Cannot boot into installed os anymore, only able to boot from a live usb

If i try booting with live usb unplugged, it will show ERROR: No boot disk has been detected or the disk has failed. if i do it with usb plugged and boot with UEFI mode, it will show a grub menu (but it’s not the grub menu i usually see).

I’m able to get into linux Mint that has already been installed on my hard disk with the grub menu (that i mentioned above) command line with these commands:

grub> set root=(hd1,gpt2)
grub> linux /boot/vmlinuz-5.4.0-117-generic root=/dev/sda2
grub> initrd /boot/initrd.img-5.4.0-117-generic
grub> boot

then i will boot into Mint just like if i boot it from its grub entry.

How do i get Mint’s grub menu back and boot as usual before this problem happened?


My pc is HP Pavilion 20-a210l, supports UEFI.

I was trying to dual-boot Fedora 36, i used UNetBootin to create the media, tried using dd command but when booting into the media it only shows blinking big underscore on top left of the screen.

I then chose automatic partition so it will use all the hard disk free space. Installation finished, and i reboot, and then the unfamiliar grub menu shows up instead of Mint’s grub menu.

I strongly believe that grub menu i mentioned is from the usb.

I am also unable to boot into installed Fedora.

And as i said, if i boot the usb with UEFI mode i will get an unfamiliar grub menu. If i boot into the usb with Legacy mode it will show the UNetBootin menu that allows me to boot into the live Fedora, just like when i boot the usb with UEFI mode before this problem happened.

I was able to boot into the usb with Boot Menu(F9) or "UEFI Firmware Settings" grub entry before this problem happened. Now the usb doesn’t show up as a UEFI option in Boot Menu.

"ubuntu" is on top of the boot order:

ran efibootmgr :

BootCurrent: 0008
Timeout: 0 seconds
BootOrder: 0000,0002,0008,0001,0003,0007,0006,0004,0005
Boot0000* ubuntu
Boot0001* USB Floppy/CD
Boot0002* USB Hard Drive
Boot0003* ATAPI CD-ROM Drive
Boot0004* CD/DVD Drive 
Boot0005* USB Floppy/CD
Boot0006* Hard Drive
Boot0007* Realtek PXE B03 D00
Boot0008* UEFI: SanDisk

and as you can see, i booted from SanDisk usb thumb drive.

ran sudo parted -l :

Model: ATA WDC WD5000AAKX-6 (scsi)
Disk /dev/sda: 500GB
Sector size (logical/physical): 512B/512B
Partition Table: gpt
Disk Flags: pmbr_boot

Number  Start   End    Size    File system  Name                  Flags
 1      1049kB  538MB  537MB   fat32        EFI System Partition  boot, esp
 2      538MB   315GB  315GB   ext4
 3      315GB   315GB  1049kB                                     bios_grub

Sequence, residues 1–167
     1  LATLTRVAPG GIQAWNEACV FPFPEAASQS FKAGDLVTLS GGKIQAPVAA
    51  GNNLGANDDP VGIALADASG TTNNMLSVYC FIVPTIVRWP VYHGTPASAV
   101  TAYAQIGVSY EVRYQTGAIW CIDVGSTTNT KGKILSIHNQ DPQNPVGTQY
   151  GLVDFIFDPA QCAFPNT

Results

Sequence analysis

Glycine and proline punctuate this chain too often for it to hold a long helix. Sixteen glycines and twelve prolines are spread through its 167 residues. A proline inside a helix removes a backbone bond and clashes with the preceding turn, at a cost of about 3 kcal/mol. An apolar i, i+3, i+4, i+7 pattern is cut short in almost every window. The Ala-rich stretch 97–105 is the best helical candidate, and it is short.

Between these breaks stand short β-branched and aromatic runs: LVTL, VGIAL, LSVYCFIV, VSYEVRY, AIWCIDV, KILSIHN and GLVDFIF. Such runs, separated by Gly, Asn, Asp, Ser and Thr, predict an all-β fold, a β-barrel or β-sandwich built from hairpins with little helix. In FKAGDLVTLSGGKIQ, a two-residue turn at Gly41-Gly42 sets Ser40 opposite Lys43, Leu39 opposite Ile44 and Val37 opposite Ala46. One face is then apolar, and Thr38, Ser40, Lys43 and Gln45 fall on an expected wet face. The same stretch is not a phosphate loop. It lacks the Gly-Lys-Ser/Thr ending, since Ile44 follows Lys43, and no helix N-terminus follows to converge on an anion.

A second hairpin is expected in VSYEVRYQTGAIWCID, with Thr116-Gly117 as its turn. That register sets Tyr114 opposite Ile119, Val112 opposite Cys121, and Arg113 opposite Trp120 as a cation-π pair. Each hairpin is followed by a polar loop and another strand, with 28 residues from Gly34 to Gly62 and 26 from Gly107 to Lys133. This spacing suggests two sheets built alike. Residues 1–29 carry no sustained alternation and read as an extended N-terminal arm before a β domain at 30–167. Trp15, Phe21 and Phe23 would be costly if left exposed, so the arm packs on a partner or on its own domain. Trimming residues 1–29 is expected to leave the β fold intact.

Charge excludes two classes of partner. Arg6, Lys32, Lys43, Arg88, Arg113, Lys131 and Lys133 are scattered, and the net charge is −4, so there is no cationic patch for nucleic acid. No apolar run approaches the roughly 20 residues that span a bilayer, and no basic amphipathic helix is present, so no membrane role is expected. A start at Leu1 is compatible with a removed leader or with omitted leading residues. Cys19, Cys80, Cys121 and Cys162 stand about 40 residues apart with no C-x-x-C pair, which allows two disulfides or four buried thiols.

4      315GB   316GB  1074MB  ext4
 5      316GB   500GB  184GB   btrfs

Model: SanDisk Cruzer Blade (scsi)
Disk /dev/sdb: 15,7GB
Sector size (logical/physical): 512B/512B
Partition Table: msdos
Disk Flags: 

Number  Start   End     Size    Type     File system  Flags
 1      1049kB  15,7GB  15,7GB  primary  fat32        boot

What i tried:

  • Updating grub, no good.
  • Turning on Network Boot, shows the same message but with PXE error messages on top of it.
Asked By: northnSouth


Looks like you booted the Fedora installer in legacy mode, and so it set up Fedora to boot in legacy BIOS style with a GPT-partitioned disk. This combination is something Windows doesn’t support at all, so it can be poorly tested by firmware developers.

In the BIOS settings of your system, is there a way to choose whether the system attempts boot in UEFI style, legacy style, or both? If not, then the preference may be hard-coded in the firmware, and apparently your firmware currently prioritizes legacy-style boot over UEFI. If you can, change the boot style setting to "UEFI style only" and see if it helps.

(It seems to me that systems that allow booting on either style by default are a recipe for disaster unless you are aware of the trap and careful whenever installing operating systems. I would generally recommend picking one boot style and setting the BIOS settings to allow that style only, whenever possible.)

If you cannot force UEFI-style boot only, or if it does not help, you’ll need to remove the legacy-style boot settings from your system disk. The easiest is to remove the pmbr_boot disk flag:

# parted /dev/sda
(parted) disk_set pmbr_boot off
(parted) quit

You might also want to delete partition #3, as it only contains the core image of the legacy-mode GRUB of Fedora.

In the worst case, you might need to also destroy the legacy-style MBR boot code from the beginning of /dev/sda to make the firmware stop trying to boot legacy-style from the sda disk. You’ll only want to overwrite the first 439 bytes of the MBR block, so if you find you need to do this, be very, very careful:

dd if=/dev/zero bs=439 count=1 of=/dev/sda

If you have the os-prober package installed in Mint, it might be able to detect the kernel and initramfs of the Fedora installation when you run sudo update-grub in Mint, and add them automatically as extra menu items to Mint’s GRUB menu. That would be one possible way to get Fedora booted in UEFI mode for real. Then you could make sure /dev/sda1 gets mounted as /boot/efi in Fedora too, and then reinstall Fedora’s UEFI GRUB to /boot/efi/EFI/fedora (grub-install --target=x86_64-efi --efi-directory=/boot/efi /dev/sda should do it automatically when executed from a Fedora installation). Then you could use efibootmgr to decide which GRUB would be your primary boot menu: Mint’s GRUB, or Fedora’s GRUB.

Answered By: telcoM
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